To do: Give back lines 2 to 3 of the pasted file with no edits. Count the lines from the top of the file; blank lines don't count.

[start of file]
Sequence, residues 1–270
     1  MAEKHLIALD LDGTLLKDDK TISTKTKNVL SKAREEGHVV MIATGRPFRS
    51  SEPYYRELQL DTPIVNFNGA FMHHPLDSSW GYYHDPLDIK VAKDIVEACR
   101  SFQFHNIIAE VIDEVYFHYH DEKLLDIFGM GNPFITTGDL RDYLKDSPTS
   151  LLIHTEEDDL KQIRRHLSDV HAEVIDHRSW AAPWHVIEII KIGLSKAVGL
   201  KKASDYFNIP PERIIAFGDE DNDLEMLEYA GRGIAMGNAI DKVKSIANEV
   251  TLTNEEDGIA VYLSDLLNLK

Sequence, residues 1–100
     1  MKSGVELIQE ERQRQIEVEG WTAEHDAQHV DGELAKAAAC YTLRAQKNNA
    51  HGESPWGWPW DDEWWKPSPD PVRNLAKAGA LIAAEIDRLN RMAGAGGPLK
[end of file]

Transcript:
     1  MAEKHLIALD LDGTLLKDDK TISTKTKNVL SKAREEGHVV MIATGRPFRS
    51  SEPYYRELQL DTPIVNFNGA FMHHPLDSSW GYYHDPLDIK VAKDIVEACR